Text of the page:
Strolling Through Lynnfield: Intel's New SuperFast SuperAffordable CPU! Part 6

Keep in mind that by larger CPU I mean die. The socket size of the Socket LGA 1156 and the actual size of the IHS and "footprint" of the Lynnfield is much smaller than the Socket LGA 1366 Bloomfields, and roughly the size of the gold standard of CPU history, the unimitable and memorable Socket LGA 775 CPUs!

How did Intel fit 1156 pins in the size of 775? Each contact point is much smaller on the Socket LGA 1156 than it was on the Socket LGA 775, thus allowing for more pins in the same space!

Some Bloomfield features were deleted from the Lynnfield die as befits its less capable Socket configuration and projected pricing structure. The two QPI links that each provided 25.6GB/s of amazing bandwidth to other processors on the motherboard are not to be found in the Lynnfield design. Lynnfield is also lacking one of the 3 64-bit DDR3 memory channels that Bloomfield boasts, and only has two as most conventional CPUs.

Due to these design modifications, it is clear that Lynnfield is engineered to be a single socket processor and cannot be utilized in a dual socket motherboard configuration as the server Bloomfield... the configuration which is bizarrely and atrociously named Skulltrail by Intel.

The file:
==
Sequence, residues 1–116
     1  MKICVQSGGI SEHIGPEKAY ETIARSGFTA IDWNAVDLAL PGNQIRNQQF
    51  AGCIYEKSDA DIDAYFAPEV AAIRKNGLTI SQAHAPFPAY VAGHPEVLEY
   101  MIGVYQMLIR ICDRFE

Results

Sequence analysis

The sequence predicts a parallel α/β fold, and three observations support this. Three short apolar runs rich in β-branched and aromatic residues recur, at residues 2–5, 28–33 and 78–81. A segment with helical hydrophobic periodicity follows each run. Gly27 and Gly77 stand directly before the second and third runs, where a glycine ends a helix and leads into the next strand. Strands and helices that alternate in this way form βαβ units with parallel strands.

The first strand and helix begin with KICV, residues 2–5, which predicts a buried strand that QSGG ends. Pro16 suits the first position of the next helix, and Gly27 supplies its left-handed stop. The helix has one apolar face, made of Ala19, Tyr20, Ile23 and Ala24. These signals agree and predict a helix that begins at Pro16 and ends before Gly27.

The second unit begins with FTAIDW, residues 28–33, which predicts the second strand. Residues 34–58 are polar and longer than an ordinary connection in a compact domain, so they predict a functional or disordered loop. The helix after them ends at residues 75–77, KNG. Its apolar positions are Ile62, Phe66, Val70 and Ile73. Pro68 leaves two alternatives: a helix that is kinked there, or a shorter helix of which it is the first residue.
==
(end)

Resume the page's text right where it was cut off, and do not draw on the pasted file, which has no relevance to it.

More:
Although I shun any references to the macabre, I still am salivating over the prospect of having that very Skulltrail on my desktop. I think that the first time that I would launch the Task Manager and see sixteen threads all humming along very nicely, I might just fall off my chair!

Of course, Lynnfield is no slug as although it lacks Bloomfield's virtually instantaneous connection to the other components scattered around the motherboard, due to its on die PCIe controller, the graphics processing unit gets its bits directly from the CPU so that most definitely compensates for any deleted circuitry.

There are many other advantages to the Lynnfield platform and one of them is power consumption. A chart of total system power consumption at idle shows that the Intel Core 2 Quad Q9400 Conroe CPU will consume 131.6 watts, an Intel Core i7 975 Bloomfield CPU will suck up 115.3, but the Intel Core i5 750 Lynnfield CPU will only sop up a rather miserly 83.4 watts. Well, it's got to be good for the planet and for your electric bill!

I love my Core i7 920 at 1x over multiplier of 20x at 21x. Again, I never overclock so this is one very nice little feature which is enabled on my Foxconn Dell motherboard, and I absolutely adore it. However, Lynnfield has a much more capable Turbo mode, and it really rocks. While the Bloomie's turbo mode is basically nothing more than a single multiplier added on to the basic stock factor, the Lynnfield turbo mode is variable according to how many processors are active at any one time. This allows the Lynnfield to run older single threaded applications in a manner which is much faster than any other processor on the planet. And since the vast majority of all apps out there are still single threaded, the new Lynnfield turbo mode can certainly be a significant advantage to the average computer user in their everyday operations!

Continued In Strolling Through Lynnfield: Intel's New SuperFast SuperAffordable CPU! Part 7

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